Inspired by my colleague Annie Savoy, I thought I would share my experiences from 9/11 as well. As some of you may already know, I am 16 years old and a senior in high school; putting me in 2nd grade at merely the age of six on the morning of September 11th, 2001. Despite being so young, I remember that day quite vividly, here is what I recall about that tragic day:
On Sunday, September 9th, I was coming back from upstate New York with my family and as we were going over the bridge to get back to Long Island, my father pointed to the right side of the car and said to me and my then 5-year old sister: “Look guys, there’s the Twin Towers.” He then proceeded to tell us all about his memories of going to “Windows on the World” when my uncle lived near the Towers and how he went there once to collect some winnings from a scratch-off ticket. It was the first time I consciously recall seeing the New York City skyline, and I really liked the look of the World Trade Center towers.
Now on the morning of September 11th, I was getting ready for one of my first days of the second grade. My mom and dad were concerned about getting to work and the fact that I was on the verge of losing my first tooth. We actually have a video recording of me showing my parents how loose my tooth was, the time: roughly 7:45 AM.
When we were at school, my teacher started to go in and out of the classroom frequently, seemingly preoccupied with something else other than teaching us 2+2=4. At one point, another teacher walked to the edge of the doorway and emphatically signalling for my teacher to come. When she went to the door, the other teacher said something and my teacher immediately covered her mouth with her hand and gasped in disbelief.
When we went to lunch, where my first tooth fell out, all of us were blissfully unaware of the terror striking the nation. I recall one kid across the table from me was pulled out of the lunchroom by his mother, who had a troubled look on her face. She would be the first of many mothers to pick up their children during that lunch period in fear that there might be an invasion of the country.
By the time we returned to the classroom, there were 7-10 of us left in class that remained from the usual 25. Our teacher sat us down in front of her rocking chair and first asked us if anyone knew what the Twin Towers were. I sprung right up and promptly stated that my daddy had showed us them the other day. After one or two other kids said that they had heard of it, she said that something bad had happened, and that those towers were gone. As a small group of six year olds, we really did not understand the severity of what had happened.
When me and my sister got home, I was excited to see my dad home from work early, but my parents immediately sent us upstairs to watch cartoons. They were glued to the TV, and being the curious child I was, I decided I would try to find out. Every time I would walk down the stairs, I was met by one parent or the other, telling me to go upstairs. I now know they did not want me or my sister to know what actually was happening, but at the time I was determined to see what was going on.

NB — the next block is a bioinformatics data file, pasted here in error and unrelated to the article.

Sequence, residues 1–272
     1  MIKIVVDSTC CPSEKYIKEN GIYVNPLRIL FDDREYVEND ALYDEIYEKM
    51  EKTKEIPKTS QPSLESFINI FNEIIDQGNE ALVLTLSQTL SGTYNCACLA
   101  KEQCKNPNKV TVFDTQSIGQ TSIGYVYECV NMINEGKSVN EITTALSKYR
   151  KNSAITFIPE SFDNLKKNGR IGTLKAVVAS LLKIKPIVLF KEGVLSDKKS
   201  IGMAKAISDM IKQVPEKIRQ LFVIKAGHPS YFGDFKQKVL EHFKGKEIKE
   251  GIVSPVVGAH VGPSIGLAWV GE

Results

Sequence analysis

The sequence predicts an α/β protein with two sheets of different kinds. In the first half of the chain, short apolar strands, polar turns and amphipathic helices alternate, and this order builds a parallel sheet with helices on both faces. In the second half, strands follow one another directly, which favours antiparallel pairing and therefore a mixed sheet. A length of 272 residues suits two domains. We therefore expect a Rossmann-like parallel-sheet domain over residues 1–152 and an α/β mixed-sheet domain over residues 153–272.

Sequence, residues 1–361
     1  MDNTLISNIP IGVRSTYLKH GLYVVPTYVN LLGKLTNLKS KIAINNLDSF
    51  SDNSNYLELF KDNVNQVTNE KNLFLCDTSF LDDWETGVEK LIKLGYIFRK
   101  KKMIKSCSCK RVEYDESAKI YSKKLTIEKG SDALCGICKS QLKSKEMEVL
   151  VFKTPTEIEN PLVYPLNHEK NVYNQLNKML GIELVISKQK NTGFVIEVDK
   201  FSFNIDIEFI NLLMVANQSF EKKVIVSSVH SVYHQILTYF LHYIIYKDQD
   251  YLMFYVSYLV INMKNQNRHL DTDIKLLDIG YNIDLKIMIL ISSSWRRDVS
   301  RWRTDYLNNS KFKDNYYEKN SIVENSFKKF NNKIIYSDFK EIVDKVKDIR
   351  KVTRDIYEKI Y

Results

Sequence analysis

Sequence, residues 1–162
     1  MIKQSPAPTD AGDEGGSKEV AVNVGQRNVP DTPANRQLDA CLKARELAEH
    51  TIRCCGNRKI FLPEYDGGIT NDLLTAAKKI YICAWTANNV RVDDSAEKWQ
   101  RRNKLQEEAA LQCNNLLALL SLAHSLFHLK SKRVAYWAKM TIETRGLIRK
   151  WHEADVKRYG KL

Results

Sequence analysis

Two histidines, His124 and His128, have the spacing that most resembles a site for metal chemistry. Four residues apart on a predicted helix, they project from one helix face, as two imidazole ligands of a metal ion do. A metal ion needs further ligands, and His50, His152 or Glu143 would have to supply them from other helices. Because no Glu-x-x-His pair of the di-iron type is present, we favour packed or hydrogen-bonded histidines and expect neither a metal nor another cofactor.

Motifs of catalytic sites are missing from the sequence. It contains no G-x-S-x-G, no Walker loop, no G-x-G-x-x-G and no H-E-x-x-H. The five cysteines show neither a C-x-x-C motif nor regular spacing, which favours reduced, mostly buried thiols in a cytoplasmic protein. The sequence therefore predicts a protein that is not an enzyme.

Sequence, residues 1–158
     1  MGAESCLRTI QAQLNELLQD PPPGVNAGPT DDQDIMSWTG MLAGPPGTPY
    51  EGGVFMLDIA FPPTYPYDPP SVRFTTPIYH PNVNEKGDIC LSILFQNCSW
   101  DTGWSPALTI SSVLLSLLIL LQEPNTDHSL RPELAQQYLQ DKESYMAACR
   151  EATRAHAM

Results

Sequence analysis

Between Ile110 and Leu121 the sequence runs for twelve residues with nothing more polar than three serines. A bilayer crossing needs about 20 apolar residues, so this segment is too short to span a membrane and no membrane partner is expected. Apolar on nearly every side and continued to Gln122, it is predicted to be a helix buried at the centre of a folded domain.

I inched down the stairs and stood quietly behind my parents, then after about a minute of listening to the TV broadcasts I blurted out with a heart broken face “Mommy, you mean someone did this on purpose?”. My dad would tell me a few months later that there were very bad people who did it on purpose to hurt our country. I could not wrap my head around the thought that someone would purposely kill themselves and harm innocent people in the process.
I recall the smell in the following days. I remember waiting at the bottom of my driveway and waiting for my bus, smelling something that kind of smelled like burnt wires and metal and asking my dad what that was. He told me it was from what happened earlier that week. The winds blew the smoke eastward over Long Island all the way from ground zero. We actually got a letter from my Elementary School telling us what it was.
Finally, shortly after the attacks, during the time we were given for arts-and-crafts, I drew a picture of the three firefighters raising the American flag on an 8.5×14 sheet of paper, modeled after the photo shown above. I taped it to the back of my chair and left it there proudly. It only stayed there about a week or two, because a teacher saw it and wanted to show it to the faculty and put it in the yearbook.
Although I was so young at the time, the tragedy on 9/11 has had an enormous effect on not only me but everyone my age. Despite being small and naive when 9/11 occurred, we all remember it and often talk about it. 9/11 Effected the young and old alike, it was not a tragedy for one race, one class, one age or one city: it was a tragedy for one nation. It was a horrific event that left a country to pick up the pieces. A wounded, but proud single civilization, that hurt together, cried together, worked together and ultimately triumphed together.
God Bless America, the greatest country on earth, past, present and future; and no force of evil, big or small, will ever change that.